Great question. This should come as no surprise, since both companies are posturing and continuing to compete. It would be a shock if they didn’t add additional Family services. Would it be better if they signed SMSI? Of course, but SMSI has had its hands full with Sprint. So, yes, this lessens the likelihood of SMSI adding T-Mobile’s million subs in the near term, but that would have only added upside to what I’ve been discussing, not downside from not having having access to it.

      As I’ve said before, there are (and will be) lots of choices. SMSI will never be a monopoly in this space (otherwise the stock could be worth multiple billions; but we only need a couple hundred million to make multiple bags, IMHO).

      If you’ve been studying the various offerings, you’ll see that each one comes with different strengths and weaknesses. Family Mode is cool, but encourages folks to get a special Wifi box for home. This will NOT appeal to most parents (who are not tech savvy). Most want simple solutions and choices.

      FYI, T-Mobile’s feature comparison chart is also inaccurate. They gave SMSI five Xs that should be checks 😂 (Filtering, Usage, History, Pause, and Scheduling). It seems that they are trying to hastily respond to Sprint’s offering (perhaps realizing what Safe & Found is doing for cellular service sign-ups), but they are liable to confuse customers with their multiple Family offerings. Too many choices; too much complexity.

      In contrast, SMSI is app-centric and focused on its IoT device support. By next year, they won’t be competing with other Family offerings. It will be a broader-based product for tracking ANY valuable or loved one.

      Ultimately, I believe the worst likely scenario is that both end up coexisting for years to supply choice (particularly for tech savvy families). I think a more likely scenario is that the new solution fails to gain traction and they switch them over to SMSI a few years down the road.

      Either way, it will be YEARS. A few reasons:

      1) customers don’t like to switch. In fact, they HATE it. That’s part of the reason why it took SMSI almost 2 years to get this far. The further they get, the harder it is to get them out 😊

      2) regardless of customers, it takes years to enact such changes at a carrier (technically, operationally, etc). That’s the other main reason why it took SMSI almost 2 years to get this far.

      3) according to a contact of mine who is a carrier M&A expert, any changes will likely take a lot longer than usual, because both companies will be far too busy with more important merger-related assimilations (primarily the network and merging the customer bases… it going to take years).

      While that’s negative for how long we might have to wait to potentially get T-Mobile’s customer base (reward), it also lengths the risk time in case things don’t work in SMSI’s favor. In the meantime, SMSI could rake in more than enough profit to cover its entire market cap (more on this mañana) 😉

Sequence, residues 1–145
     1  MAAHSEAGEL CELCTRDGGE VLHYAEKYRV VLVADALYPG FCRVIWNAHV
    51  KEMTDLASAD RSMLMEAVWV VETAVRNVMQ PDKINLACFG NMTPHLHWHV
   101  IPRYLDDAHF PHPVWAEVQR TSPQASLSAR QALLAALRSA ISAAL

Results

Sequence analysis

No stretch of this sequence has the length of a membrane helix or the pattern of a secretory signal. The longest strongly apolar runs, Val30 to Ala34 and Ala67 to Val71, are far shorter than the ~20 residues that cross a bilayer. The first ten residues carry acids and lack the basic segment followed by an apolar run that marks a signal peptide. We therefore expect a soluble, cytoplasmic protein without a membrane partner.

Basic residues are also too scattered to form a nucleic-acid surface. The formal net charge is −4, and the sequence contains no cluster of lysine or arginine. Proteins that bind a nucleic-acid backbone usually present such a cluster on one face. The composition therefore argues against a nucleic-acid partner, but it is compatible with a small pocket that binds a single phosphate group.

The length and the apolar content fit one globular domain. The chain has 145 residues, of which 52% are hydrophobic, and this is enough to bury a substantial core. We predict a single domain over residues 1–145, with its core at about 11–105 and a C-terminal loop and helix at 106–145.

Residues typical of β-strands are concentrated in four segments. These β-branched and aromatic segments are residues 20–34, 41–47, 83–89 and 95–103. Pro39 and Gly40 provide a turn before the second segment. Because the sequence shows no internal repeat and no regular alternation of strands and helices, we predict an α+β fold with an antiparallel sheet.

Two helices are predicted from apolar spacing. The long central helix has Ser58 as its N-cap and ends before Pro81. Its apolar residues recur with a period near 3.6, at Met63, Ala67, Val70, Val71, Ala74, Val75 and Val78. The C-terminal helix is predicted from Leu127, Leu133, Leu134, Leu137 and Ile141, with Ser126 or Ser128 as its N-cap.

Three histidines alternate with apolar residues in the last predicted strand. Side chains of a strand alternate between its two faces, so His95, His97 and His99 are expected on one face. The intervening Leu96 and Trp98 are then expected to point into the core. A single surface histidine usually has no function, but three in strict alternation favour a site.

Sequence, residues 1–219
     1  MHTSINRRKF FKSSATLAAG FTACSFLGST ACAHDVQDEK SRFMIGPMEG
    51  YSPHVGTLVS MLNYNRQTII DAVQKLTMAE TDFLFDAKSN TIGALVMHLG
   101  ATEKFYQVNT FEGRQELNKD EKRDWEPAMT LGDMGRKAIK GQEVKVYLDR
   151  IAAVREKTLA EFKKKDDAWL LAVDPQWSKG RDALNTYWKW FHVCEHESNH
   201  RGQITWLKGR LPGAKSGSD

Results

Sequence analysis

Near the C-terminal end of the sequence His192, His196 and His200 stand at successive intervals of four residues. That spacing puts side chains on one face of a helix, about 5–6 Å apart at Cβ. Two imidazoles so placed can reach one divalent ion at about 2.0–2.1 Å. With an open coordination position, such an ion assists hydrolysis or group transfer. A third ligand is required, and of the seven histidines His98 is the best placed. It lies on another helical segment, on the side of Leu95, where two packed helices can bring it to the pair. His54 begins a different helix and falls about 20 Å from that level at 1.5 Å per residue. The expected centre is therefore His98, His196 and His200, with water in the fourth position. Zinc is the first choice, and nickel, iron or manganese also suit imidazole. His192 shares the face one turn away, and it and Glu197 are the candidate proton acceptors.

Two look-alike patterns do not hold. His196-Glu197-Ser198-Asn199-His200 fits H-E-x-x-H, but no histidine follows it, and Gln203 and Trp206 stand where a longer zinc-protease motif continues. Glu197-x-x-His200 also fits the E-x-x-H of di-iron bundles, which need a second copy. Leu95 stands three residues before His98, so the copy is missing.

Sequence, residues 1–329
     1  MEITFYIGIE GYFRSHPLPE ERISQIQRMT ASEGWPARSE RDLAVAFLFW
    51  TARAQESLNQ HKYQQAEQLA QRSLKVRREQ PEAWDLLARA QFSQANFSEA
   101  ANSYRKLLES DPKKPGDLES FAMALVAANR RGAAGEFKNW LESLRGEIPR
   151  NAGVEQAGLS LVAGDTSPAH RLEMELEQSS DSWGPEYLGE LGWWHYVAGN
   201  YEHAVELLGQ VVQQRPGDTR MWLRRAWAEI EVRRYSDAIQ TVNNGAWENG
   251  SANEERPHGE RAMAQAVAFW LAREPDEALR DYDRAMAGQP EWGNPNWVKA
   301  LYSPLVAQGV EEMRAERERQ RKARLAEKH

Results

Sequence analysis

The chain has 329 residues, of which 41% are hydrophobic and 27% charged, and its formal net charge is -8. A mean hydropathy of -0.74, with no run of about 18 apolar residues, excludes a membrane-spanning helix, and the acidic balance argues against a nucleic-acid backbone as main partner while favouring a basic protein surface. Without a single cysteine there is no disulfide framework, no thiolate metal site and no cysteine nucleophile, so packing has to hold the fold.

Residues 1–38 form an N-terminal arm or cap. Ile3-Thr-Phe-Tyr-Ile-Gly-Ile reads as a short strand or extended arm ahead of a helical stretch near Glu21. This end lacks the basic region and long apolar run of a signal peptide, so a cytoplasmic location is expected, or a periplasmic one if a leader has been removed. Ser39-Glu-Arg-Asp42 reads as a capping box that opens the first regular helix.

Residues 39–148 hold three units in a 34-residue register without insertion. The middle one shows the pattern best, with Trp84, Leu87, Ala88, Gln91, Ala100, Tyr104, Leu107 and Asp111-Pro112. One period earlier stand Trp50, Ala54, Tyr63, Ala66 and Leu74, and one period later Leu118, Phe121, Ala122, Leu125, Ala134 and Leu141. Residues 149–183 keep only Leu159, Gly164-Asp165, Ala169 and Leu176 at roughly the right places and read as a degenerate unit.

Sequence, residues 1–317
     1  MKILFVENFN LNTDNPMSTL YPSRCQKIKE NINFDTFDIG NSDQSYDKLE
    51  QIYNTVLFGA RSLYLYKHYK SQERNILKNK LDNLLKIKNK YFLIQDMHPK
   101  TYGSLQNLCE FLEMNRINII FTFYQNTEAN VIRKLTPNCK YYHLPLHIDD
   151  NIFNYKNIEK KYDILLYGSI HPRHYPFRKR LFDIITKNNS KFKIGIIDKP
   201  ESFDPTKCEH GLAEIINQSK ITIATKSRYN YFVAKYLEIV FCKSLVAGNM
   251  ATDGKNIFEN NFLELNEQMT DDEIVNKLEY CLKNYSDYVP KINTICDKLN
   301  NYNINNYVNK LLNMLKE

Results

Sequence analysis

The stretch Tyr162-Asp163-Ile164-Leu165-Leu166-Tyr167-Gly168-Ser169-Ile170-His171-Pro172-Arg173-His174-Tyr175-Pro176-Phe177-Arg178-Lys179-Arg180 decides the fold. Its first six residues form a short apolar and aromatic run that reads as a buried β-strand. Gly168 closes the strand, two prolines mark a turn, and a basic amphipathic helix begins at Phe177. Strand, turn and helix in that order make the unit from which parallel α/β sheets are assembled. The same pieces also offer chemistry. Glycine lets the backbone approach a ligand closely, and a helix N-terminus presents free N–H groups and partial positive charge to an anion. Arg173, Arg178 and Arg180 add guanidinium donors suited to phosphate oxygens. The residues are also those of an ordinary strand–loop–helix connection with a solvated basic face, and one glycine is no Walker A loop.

Frankly, I’ll take it. SMSI just needs to execute at Sprint for us to win big.

      Bottom Line: Again there is and will be a lot of competition in this space. Luckily, SMSI only needs 1% market share to represent ~1M subs; and while Sprint is their largest customer, they have several others and are working to get into more.

      You’ll see what that math represents in tomorrow’s report. 😉 Then, I’ll discuss this in greater depth during the LIVE Q&A session on Wed at 1PM ET (link below!). 😊

      Liked by 1 person

      1. This is awesome, thank you for sharing your thoughts with me. Probably like many others, my initial reaction was this is not good for SMSI. Like you’ve mentioned: (1) Eliminate the opportunity for SMSI getting T-Mobile customers. (2) People don’t like changes, so IF T-Mobile is able to capture enough customers and IF two companies do merge, eventually it would probably be easier to switch people from SafeFound to FamilyMode. Perhaps SafeFound is ahead of FamilyMode right now, but I am sure T-Mobile will find a way to make it works. Many investors want to see long term growth in a company, I am a little skeptical about SMSI’s future outlook. However, “my opinion doesn’t matter”, I look forward to your report tomorrow. 😉


        1. Yep. There are risks and concerns with any investment, especially ones that have as much potential as this one. The trick is to avoid confirmation bias (overweighting the wrong data points) and recency bias (overweighting the most recent data point).

          But that’s exactly why I invest in companies like this. By doing the extra homework and properly weighting the positives and negatives, I can handicap the stock better than most investors (especially since I’m competing against retail investors / daytraders, not institutions) and make high returns year after year.



  4. Hi Mark,

    I would be happy to analyze these data from a generalized linear model framework which would allow for non-normal statistical distributions. Count and percent data are usually fit on a negative binomial distribution. They could also be transformed. If there are dates and times associated with the data, we could analyze the ramp up as well. I could also produce a series of graphs that may be of interest.

    Aaron Rhodes


    1. Hey Aaron! Appreciate the offer, but we have a six-sigma guy in our corner too. That being said, hit me once the entire series is out. I’m sticking to a strict publication schedule to respect the efforts of those who contributed to the effort, but after that I’m open to better leveraging the data, assuming we don’t decide to do it in-house here.


  5. I’ve done some digging and feel great about the balance of pros and cons. I even uncovered NEW bullish data points.

    I’ll discuss everything in greater depth in Tues and Wed’s reports, along with Wed’s Live Q&A, so stay tuned!